Posted on 01 Sep 2009
In a medical malpractice lawsuit filed by the victims' family, two teenage sisters have been awarded $11 million in a case against a prominent New York pediatrician who failed to take steps to prevent the girls from being repeatedly sexually assaulted by their half-brother when they were children.
A jury in U.S. District Court ruled against Dr. Patricia Monroe and her workplace, Adirondack Internal Medicine and Pediatric, ending a federal case rooted in horrific abuse dating back more than nine years.
The older sister, now 18, will receive $6 million, the 16-year-old younger sister $5 million, according to a news release issued by Albany attorneys Pamela Nichols and Stephen Coffey, who represented the victims. He noted they were "never offered a dime" to the settle the case, which dates to 2002.
The news release said the jury of four men and four women found Monroe and her medical group were "negligent in their care and treatment of the children when they failed to take the proper measures to investigate a situation which would have prevented the girls from being sexually assaulted by their half brother."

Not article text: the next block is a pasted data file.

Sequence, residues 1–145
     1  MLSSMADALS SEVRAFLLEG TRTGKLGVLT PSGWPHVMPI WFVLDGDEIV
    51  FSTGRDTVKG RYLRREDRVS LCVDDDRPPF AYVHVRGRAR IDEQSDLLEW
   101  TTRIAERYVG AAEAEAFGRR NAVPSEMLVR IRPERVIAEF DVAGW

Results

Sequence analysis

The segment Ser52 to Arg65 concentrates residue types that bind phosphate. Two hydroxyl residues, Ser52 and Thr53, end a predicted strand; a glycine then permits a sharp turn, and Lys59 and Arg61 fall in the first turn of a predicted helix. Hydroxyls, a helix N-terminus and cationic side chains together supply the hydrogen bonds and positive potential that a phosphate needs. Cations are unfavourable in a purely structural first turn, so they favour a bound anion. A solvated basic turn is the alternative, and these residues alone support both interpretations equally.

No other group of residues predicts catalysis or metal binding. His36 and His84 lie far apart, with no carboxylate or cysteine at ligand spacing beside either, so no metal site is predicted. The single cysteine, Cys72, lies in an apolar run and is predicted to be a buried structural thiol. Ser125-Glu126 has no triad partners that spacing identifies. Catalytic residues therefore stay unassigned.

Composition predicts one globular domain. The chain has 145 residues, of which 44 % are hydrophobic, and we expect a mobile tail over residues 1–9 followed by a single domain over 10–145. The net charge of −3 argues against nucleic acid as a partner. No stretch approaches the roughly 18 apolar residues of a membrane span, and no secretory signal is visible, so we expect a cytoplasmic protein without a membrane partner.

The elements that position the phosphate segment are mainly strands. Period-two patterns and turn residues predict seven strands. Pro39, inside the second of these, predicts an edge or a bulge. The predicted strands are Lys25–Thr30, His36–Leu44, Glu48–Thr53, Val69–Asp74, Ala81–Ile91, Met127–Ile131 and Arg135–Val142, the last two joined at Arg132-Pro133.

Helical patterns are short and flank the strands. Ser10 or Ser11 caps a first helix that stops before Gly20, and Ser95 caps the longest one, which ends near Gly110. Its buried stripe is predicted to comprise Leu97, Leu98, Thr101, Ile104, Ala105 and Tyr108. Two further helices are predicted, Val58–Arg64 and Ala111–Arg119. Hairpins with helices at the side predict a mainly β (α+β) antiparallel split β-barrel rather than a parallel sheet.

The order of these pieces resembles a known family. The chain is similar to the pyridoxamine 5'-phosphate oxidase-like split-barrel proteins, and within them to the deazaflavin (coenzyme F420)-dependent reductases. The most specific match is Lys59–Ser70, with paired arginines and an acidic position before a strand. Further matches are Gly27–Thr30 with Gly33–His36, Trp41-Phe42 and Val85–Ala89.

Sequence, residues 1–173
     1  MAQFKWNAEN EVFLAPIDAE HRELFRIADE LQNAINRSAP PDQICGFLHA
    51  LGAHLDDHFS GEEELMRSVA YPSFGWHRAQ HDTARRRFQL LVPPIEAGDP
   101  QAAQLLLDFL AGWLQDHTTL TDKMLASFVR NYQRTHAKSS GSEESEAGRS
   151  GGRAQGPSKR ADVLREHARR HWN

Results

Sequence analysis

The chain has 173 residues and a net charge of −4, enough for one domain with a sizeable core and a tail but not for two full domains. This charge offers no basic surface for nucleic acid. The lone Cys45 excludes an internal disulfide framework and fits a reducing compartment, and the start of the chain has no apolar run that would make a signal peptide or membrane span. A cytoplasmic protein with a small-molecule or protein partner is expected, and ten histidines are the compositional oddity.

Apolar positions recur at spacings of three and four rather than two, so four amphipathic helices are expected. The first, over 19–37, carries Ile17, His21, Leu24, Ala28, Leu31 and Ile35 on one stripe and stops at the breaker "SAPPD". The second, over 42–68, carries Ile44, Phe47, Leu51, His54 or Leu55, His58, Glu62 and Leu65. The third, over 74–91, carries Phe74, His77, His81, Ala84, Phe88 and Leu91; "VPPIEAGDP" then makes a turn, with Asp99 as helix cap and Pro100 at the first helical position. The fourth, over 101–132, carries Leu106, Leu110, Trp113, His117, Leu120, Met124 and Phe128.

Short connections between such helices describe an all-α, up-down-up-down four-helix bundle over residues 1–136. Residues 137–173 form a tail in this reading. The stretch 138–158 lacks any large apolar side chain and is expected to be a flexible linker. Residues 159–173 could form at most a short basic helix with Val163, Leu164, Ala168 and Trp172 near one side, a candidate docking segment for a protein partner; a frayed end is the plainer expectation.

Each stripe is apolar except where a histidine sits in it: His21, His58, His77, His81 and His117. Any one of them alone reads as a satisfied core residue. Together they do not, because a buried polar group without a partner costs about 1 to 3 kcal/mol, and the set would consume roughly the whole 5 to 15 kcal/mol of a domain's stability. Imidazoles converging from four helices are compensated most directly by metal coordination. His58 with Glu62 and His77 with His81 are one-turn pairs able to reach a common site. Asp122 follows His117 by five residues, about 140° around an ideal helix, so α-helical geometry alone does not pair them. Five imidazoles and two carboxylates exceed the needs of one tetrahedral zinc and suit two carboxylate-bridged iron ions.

The series of events leading to the suit began as follows, according to interviews with attorneys and documents filed in the case:
On Aug. 15, 2000, one of the sisters, then 9, showed her mother a diary and asked her to read it.
The girl had written that she was "sad all the time because I've been touched in places I don't want to be touched."
She disclosed that her half-brother, then 14, had inappropriately touched her at least three times.
The next day, Aug. 16, 2000, the mother called Monroe, informed her of the abuse, and that the brother was living with the victim and the other sister. The doctor only suggested the victim and boy be separated.
The doctor examined the older daughter that September for a sore throat – yet never asked about the reported abuse.
Monroe examined the child again that October, again not inquiring about the abuse. But police were unaware of the rape and sodomy of both girls, then ages 8 and 9, until February 2001.
The lawsuit was filed by the victims' family. It had targeted Monroe and others, including a school, rape crisis center and county mental health office, but the cases against the other defendants were dismissed. The suit against Monroe was dismissed as well, but that ruling was reversed by a U.S. Court of Appeals court.